The principal railway station in Barcelona is Sants. It's a rectangular concrete block, built in the 1970s, and is utterly unmemorable. There's also Barcelona Sagrera station, under construction on the High Speed Line, which will be a kind of Catalan version of London's Stratford: a big modern building to stop people from going into town.
But the best railway station in Barcelona is Estació de França, so of course I had to go and have a look.
It's an ornate palace of a station, sited close to the Barceloneta district and away from the city centre. It doesn't even have its own metro station. That remoteness is why Sants has taken over as the important station, but it also means that França hasn't been ruined.
The main hall is cool and beautiful. Elegant glass and plasterwork and plenty of wood and marble. Exactly my kind of station.
The station's restaurant is still open at one end, though it's not the fine dining experience it once was - it's far more caff than Cafe de Paris. There's no call for it. França's long distance services all pass through Sants first, so they're rarely full by the time they get here, leaving just a few commuter lines. When I visited, the station was silent and echoing.
That clock didn't work though, which is always annoying.
Beyond is the train shed, two epic ironwork roofs curving into the distance. Trains sat silent at the platforms, waiting to be called into use. There were no passengers.
It was beautiful. I sat on a bench and just stared at it for a while, grinning maniacally. Just wonderful.
In the centre of the concourse was a tiny model of the actual station for you to pore over. I wanted to tuck it under my arm and run. In the model of the station, there was a model of the model, raising the prospect of a million tinier models going on until infinity.
There will probably come a time when this station will be closed altogether. It'll be surplus to requirements. It's already partly used as office space for one of the universities. I hope not. I hope it carries on being this beautiful relic.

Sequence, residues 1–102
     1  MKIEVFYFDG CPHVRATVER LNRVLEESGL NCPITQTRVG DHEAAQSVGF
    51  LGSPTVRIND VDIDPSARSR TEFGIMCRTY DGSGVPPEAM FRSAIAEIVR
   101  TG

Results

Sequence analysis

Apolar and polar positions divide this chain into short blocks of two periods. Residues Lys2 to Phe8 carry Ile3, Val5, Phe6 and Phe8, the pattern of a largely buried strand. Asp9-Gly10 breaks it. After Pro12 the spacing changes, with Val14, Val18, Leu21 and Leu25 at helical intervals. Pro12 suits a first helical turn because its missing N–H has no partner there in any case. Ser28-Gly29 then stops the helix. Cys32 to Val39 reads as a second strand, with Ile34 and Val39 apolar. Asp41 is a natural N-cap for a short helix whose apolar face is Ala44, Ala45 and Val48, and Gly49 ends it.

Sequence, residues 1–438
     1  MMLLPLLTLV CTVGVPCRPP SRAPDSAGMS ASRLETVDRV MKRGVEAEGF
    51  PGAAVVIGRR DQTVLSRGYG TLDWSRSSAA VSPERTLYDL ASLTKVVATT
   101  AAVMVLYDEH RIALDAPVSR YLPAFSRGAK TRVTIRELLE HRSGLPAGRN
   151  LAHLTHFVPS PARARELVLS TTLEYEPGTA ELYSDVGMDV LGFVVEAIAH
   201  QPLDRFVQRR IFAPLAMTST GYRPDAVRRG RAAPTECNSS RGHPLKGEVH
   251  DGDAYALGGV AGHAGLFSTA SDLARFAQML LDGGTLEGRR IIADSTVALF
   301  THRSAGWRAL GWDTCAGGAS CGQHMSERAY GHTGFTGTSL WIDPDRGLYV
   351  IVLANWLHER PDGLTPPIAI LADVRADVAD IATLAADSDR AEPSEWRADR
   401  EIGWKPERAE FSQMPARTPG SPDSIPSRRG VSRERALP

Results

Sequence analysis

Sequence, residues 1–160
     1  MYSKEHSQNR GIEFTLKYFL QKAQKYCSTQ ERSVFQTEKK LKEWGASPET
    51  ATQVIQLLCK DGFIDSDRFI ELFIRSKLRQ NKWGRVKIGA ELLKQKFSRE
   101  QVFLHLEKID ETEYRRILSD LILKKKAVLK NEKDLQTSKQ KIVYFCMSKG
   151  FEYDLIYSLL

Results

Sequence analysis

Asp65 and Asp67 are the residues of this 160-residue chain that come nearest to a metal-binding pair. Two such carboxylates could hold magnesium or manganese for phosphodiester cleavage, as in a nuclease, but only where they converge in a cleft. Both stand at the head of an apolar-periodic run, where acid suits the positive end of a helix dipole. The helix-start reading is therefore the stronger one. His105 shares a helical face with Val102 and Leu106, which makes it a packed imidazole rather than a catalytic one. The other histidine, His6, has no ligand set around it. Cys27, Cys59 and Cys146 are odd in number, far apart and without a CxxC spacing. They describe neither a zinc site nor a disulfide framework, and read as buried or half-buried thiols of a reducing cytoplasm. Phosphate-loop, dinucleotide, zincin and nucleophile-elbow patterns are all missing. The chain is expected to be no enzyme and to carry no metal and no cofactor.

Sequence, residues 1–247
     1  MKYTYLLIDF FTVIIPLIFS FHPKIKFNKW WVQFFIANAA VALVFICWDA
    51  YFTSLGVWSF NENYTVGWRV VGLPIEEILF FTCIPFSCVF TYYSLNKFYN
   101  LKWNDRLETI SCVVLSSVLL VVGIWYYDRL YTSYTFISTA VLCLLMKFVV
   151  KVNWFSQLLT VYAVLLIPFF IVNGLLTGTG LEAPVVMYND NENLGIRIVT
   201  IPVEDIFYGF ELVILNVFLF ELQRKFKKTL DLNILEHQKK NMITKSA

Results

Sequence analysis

Bonus: a tram!
In the UK, we're so desperate for any transport infrastructure at all, we treat trams as the holy grail. Manchester loves them; so does Nottingham, and Birmingham's desperately hoping people will start liking them now they go somewhere useful. Cities go scrabbling to the Government for a few quid so they can build the odd line here and there.
Barcelona has a metro. A good, proper metro system, the kind British cities should have, but for some reason we think only London and Newcastle deserve to have. For the Spanish, trams are the things you build out of the city centre - the transport to get people to a proper railway station. They're alright, but Barcelona's got a proper network to play with: it doesn't need to fuss around with trams.
I'd not meant to go on the trams, but a wander along the beach had made me lose my bearings, and I ended up at a tram stop instead of a metro station (because they still have metro stations out here, because they're an incredibly civilised city). Obviously I stood on the hinge, the best spot on the tram:
(That's the BF's foot on the right, by the way. I'm pretty sure that's the first time he's actually appeared in a picture on this blog).
I'd love it if these new devolved City Regions meant a load of fantastic transport projects all of a sudden. That Liverpool suddenly built a tram along Queens Drive, or Manchester put an underground line beneath Oxford Road. It won't happen. Liverpool's mayor getting rid of bus lanes seems to be the limit of ambitious transport ideas. Instead I'll have to keep heading over to Europe to see how it really should be done.